Internally, spatial data is stored as binary within SQL Server. When extracting an ASCII text representation of spatial data, SQL uses the well-known text (WKT) representation defined by the OGC in Section of the Simple Features Specification for SQL (http://portal.opengeospatial.org/files/?artifact_id=829). Some examples of the WKT representation of spatial data are shown in Table.
Examples of Well-Known Text Representation of Spatial Data
The function that returns the WKT representations shown in Table is STAsText(). However, this is not the only function that supports geometry spatial data. There are actually more than 60 functions that support the GEOMETRY type (as well as the GEOGRAPHY type). Table lists some of these functions.
Some Functions That Support the GEOMETRY and GEOGRAPHY Types
Each geometric type has an SRID. All methods that operate on multiple spatial data values require that the SRIDs of the data match. Functions that compare or manipulate multiple geometric data values will fail when these data values contain different SRIDs. The complete list of functions that support the GEOMETRY type can be found in SQL Server Books Online.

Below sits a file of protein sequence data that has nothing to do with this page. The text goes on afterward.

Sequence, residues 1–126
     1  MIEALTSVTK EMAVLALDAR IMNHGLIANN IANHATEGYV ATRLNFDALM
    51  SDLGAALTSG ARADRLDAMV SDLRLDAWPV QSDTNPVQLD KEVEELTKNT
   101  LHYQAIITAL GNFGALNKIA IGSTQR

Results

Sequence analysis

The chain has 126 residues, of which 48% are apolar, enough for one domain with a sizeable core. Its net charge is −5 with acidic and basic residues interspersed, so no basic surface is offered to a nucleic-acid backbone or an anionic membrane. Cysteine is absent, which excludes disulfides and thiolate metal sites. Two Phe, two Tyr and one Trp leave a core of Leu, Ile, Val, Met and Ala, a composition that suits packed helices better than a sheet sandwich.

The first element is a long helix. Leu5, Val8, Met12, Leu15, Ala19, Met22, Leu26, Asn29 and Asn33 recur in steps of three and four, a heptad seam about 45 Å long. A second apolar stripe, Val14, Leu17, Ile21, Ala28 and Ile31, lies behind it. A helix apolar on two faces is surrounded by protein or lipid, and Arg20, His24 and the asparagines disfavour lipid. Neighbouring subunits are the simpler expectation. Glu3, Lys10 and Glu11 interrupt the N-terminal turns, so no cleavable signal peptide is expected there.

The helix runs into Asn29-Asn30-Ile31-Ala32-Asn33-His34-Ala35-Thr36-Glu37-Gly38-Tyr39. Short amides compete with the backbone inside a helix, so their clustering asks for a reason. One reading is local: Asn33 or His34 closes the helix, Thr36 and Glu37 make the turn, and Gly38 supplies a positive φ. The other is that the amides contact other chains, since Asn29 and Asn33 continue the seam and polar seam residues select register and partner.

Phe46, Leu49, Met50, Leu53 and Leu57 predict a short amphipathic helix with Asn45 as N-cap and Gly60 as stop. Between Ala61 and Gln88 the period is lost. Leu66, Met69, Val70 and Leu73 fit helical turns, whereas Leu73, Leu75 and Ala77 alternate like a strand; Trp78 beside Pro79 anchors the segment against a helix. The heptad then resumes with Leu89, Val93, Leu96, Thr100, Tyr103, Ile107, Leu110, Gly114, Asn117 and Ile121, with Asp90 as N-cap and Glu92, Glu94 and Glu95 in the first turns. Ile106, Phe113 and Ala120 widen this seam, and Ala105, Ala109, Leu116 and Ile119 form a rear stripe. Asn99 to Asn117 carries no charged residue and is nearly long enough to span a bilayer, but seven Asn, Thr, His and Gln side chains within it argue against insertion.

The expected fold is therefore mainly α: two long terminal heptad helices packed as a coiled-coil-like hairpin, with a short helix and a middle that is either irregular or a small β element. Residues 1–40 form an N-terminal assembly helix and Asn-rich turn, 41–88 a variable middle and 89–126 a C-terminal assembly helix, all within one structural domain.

Let’s consider the problem of storing the boundaries of ZIP codes and doing something useful with that information. Figure shows the fictitious ZIP code area you’ll use for this example. For simplicity, the actual coordinates are presented as integers.
Fictitious ZIP code boundaries
First, create a table to store the geometry data of the ZIP code:CREATE TABLE ZipCodes
The second column, ZipGeometry, will store the ZIP code, and you add a computed column that will display your geometry data as text, for convenience.
The next step is to populate this table with the data points:DECLARE @ZipData GEOMETRY
The STGeomFromText() function takes OpenGIS WKT and stores it as binary within the SQL Server storage engine. In this case, you are storing a polygon that outlines a ZIP code.